GraphPad Statistics Guide

Harmonic, quadratic, trimmed, and windsorized mean

Harmonic, quadratic, trimmed, and windsorized mean

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Harmonic, quadratic, trimmed, and windsorized mean

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Harmonic mean

Prism computes the harmonic mean and its confidence interval by first transforming all the values to their reciprocals, and then computing the mean of those reciprocals and the CI of that mean. The harmonic mean is the reciprocal of that mean. If the values are all positive, larger numbers effectively get less weight than lower numbers. The harmonic means is most often used to find the average of a set of rates or velocities.

It makes sense to use the harmonic mean when the set of reciprocals of the data form a symmetrical approximately Gaussian distribution.

Quadratic mean

Prism computes the quadratic mean and its confidence interval by first transforming all the values to their square (value multiplied by itself), and then computing the mean of those squared values and the CI of that mean. The quadratic mean is the square root of that mean. The quadratic mean is also called the root mean square.  

It makes sense to use the quadratic mean when the set of squares of the data form a symmetrical approximately Gaussian distribution.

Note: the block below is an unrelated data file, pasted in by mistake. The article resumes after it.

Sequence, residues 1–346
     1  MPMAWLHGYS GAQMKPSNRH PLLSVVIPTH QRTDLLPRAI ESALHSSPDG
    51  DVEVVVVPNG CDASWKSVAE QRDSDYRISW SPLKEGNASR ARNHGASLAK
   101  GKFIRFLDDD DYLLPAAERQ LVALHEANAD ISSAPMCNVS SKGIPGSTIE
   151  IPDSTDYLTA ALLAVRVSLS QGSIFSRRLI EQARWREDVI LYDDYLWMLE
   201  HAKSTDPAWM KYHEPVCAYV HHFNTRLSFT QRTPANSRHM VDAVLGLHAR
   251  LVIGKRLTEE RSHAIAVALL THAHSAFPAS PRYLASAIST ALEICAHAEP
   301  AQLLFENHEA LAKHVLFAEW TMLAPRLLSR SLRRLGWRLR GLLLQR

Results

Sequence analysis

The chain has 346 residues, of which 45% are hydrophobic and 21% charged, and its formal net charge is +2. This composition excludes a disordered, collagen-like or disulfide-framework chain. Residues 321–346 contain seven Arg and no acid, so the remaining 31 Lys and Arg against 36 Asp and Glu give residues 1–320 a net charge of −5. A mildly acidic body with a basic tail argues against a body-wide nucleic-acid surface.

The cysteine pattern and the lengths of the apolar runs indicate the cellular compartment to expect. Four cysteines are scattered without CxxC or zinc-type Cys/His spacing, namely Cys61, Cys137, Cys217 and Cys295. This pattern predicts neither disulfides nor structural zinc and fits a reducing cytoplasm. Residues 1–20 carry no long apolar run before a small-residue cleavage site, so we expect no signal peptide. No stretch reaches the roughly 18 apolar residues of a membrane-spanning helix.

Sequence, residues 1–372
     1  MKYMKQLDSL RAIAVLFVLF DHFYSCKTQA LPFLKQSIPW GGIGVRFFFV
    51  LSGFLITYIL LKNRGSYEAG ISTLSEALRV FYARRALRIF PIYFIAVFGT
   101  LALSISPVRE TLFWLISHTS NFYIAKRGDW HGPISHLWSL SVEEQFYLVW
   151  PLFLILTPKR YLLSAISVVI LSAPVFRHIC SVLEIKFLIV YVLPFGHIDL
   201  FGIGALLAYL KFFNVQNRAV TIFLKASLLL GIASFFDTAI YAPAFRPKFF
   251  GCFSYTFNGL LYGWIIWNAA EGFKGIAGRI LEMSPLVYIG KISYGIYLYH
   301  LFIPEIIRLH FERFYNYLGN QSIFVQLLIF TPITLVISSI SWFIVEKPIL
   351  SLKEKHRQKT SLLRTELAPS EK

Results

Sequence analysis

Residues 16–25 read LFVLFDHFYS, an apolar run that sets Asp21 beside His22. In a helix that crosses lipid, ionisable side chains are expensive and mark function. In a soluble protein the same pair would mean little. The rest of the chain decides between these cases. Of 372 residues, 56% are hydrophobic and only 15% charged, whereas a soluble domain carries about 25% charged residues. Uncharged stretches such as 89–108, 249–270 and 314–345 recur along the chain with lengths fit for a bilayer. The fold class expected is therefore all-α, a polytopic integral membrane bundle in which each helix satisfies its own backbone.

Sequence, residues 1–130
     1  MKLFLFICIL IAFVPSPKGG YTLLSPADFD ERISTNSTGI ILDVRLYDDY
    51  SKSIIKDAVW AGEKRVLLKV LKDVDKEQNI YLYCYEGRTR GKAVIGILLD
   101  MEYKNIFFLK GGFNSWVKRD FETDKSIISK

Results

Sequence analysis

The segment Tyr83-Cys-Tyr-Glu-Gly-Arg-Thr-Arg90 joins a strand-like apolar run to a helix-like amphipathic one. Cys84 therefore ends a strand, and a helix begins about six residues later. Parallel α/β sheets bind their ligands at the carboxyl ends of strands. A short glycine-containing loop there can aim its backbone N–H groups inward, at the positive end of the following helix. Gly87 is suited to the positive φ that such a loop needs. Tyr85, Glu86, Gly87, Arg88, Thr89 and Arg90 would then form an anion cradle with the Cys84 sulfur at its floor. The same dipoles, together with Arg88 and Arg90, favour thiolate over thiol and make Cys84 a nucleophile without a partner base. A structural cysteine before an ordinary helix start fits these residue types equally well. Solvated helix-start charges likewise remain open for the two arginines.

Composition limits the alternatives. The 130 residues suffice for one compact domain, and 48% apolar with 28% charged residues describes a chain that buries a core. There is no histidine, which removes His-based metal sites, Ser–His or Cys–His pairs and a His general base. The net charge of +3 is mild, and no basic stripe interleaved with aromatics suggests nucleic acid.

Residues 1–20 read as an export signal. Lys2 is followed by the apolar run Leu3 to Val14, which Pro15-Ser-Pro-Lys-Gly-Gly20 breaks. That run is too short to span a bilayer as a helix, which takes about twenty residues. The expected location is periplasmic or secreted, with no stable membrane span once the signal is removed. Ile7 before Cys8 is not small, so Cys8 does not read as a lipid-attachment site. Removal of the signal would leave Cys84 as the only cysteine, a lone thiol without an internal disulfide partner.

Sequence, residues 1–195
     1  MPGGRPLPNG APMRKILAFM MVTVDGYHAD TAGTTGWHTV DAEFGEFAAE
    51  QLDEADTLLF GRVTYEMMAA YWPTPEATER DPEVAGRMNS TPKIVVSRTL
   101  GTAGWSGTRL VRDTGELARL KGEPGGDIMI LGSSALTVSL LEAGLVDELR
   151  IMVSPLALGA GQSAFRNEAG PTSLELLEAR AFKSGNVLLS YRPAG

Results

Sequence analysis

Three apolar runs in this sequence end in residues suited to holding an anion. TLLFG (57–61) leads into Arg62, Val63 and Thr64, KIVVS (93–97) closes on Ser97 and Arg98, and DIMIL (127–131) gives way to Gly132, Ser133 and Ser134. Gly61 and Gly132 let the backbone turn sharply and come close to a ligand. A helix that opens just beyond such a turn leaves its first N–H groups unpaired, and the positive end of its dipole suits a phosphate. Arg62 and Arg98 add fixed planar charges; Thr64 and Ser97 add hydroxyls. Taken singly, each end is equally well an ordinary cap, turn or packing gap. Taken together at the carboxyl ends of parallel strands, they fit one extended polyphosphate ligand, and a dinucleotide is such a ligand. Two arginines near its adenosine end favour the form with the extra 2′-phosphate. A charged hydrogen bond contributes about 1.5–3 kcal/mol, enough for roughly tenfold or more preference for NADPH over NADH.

Trimmed and Winsorized means

The idea of trimmed or Winsorized means is to not let the largest and smallest values have much impact. Before calculating a trimmed or Winsorized mean, you first have to choose how many of the largest and smallest values to ignore or down weight. If you set K to 1, the largest and smallest values are treated differently. If you set K to 2, then the two largest and two smallest values are treated differently. K must be set in advance. Sometimes K is set to 1, other times to some small fraction of the number of values, so K is larger when you have lots of data.

To compute a trimmed mean, simply delete the K smallest and K largest observations, and compute the mean of the remaining data.

To compute a Winsorized mean, replace the K smallest values with the value at the K+1 position, and replace the k largest values with the value at the N-K-1 position. Then take the mean of the data. .

The advantage of trimmed and Winsorized means is that they are not influenced by one (or a few) very high or low values. Prism does not compute these values.

 

Mode

The mode is the value that occurs most commonly. It is not useful with measured values assessed with at least several digits of accuracy, as most values will be unique. It can be useful with variables that can only have integer values. While the mode is often included in lists like this, the mode doesn't always assess the center of a distribution. Imagine a medical survey where one of the questions is "How many times have you had surgery?" In many populations, the most common answer will be zero, so that is the mode. In this case, some values will be higher than the mode, but none lower, so the mode is not a way to quantify the center of the distribution.